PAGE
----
Experts attending a European seminar on occupational safety and health and education this week in Bilbao, Spain, agreed that children should be taught to live and work safely, the earlier, the better.
The world can be a dangerous place, said the experts at the seminar, and they agreed that it''s never too soon to get that message across, even to very young children. It''s also a process that should continue throughout their schooldays and beyond, they said.
Too many young people enter the world of work without sufficient knowledge of the health risks they are going to face, said Hans-Horst Konkolewsky, director of the European Agency for Safety and Health at Work, one of the organizers of the seminar.
"If children are made aware of health and safety issues at an early age, they''re much more likely to successfully manage such risks in later life. The message from this seminar is clear: ''start young, stay safe,''" he added.
According to data presented at the seminar, young people are not sufficiently prepared to meet health risks at work. Recent European research indicates that young people between the ages of 18 and 24 are 1.4 times more likely than the average worker to suffer a work-related accident.
If that statistic is to be improved, learning about health and safety - risk education - needs to begin right at the start of a child''s education, say the experts. Children should be made aware of what''s dangerous in their environment - at home, at school and at play - and what they can do to help both themselves and those around them to stay safe.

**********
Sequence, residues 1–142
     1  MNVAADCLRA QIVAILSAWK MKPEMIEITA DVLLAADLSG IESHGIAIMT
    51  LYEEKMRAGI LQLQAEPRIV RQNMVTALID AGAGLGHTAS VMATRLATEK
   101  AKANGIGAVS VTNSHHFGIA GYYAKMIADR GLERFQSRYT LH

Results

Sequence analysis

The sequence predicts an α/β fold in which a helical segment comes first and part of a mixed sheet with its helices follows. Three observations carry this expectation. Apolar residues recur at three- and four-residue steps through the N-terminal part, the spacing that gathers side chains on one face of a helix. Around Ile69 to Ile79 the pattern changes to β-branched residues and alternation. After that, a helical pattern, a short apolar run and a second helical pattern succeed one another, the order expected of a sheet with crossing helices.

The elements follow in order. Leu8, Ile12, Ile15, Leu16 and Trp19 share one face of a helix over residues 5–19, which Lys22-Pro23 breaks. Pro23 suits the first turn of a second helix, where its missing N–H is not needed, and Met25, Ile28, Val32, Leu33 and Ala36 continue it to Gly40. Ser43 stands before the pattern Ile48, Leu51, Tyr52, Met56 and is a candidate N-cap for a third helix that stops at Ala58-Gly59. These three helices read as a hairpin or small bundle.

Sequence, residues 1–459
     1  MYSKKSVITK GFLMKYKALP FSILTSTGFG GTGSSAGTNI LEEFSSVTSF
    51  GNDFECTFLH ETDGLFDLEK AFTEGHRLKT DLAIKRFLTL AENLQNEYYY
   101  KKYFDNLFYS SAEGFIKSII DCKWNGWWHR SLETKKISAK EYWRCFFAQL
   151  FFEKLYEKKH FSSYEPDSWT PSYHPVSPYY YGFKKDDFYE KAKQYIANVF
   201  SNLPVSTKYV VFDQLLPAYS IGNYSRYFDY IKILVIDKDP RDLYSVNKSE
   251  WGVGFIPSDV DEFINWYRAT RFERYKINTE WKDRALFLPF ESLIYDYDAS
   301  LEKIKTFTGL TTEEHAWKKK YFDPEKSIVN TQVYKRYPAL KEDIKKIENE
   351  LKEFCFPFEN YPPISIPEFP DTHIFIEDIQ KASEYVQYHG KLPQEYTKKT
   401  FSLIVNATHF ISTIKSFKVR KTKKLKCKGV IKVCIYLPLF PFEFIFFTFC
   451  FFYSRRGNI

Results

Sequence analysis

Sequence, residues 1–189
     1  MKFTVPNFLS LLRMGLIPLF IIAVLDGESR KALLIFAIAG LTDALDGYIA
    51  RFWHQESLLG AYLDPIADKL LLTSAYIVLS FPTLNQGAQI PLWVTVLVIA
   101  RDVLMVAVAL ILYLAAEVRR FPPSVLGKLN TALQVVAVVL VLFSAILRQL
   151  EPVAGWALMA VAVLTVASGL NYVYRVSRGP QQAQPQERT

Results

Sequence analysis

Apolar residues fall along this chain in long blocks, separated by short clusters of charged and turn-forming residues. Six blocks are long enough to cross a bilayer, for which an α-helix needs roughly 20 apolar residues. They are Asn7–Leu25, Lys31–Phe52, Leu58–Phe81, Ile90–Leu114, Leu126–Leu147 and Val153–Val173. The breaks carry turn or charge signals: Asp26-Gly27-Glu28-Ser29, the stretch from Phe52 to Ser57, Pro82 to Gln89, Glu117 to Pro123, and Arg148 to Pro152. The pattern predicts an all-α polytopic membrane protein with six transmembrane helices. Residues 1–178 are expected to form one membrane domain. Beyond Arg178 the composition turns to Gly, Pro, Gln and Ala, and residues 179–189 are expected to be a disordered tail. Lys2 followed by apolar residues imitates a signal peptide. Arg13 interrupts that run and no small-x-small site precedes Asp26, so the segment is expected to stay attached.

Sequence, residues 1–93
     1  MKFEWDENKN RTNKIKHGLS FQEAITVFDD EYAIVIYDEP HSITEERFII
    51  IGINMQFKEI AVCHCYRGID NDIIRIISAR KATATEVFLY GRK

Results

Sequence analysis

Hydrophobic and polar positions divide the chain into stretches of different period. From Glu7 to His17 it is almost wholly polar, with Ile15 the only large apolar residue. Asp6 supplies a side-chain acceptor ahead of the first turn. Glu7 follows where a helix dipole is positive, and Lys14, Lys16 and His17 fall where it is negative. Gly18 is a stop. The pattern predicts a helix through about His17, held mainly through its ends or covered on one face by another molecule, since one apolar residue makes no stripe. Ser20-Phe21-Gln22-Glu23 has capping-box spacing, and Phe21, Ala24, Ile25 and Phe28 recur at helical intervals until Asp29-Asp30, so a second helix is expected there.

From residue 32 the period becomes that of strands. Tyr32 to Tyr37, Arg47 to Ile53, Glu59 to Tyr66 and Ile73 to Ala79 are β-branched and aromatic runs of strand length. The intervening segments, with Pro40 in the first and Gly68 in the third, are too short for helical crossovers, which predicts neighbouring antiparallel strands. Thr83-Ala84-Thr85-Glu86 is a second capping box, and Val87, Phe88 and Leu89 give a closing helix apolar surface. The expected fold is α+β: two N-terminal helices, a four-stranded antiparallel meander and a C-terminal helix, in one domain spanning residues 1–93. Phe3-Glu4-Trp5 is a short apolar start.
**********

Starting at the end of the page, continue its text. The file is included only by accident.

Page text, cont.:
The experts agreed that teachers need resources and skills to pass on the knowledge to children, and so will parents if they are to provide support outside the classroom. Clear, common goals need to be established between health and labor agencies and other key organizations to ensure that learning about safety and health forms part of all levels of education and training.
In Europe, the new European Union occupational health and safety strategy could provide a major framework for developing education and training on workplace health and safety as part of a prevention culture. Existing European funds could be used to support this goal.
Juan Carlos Aparicio, the Spanish minister of Employment and Social Affairs, said that society "cannot talk about health at work as a social reality if we only think about it when we need it or when an accident happens. We have to integrate the value of health at work in a steady and progressive way. Therefore it is essential that this is part of education, from primary school onwards."
by Sandy Smith ([email protected])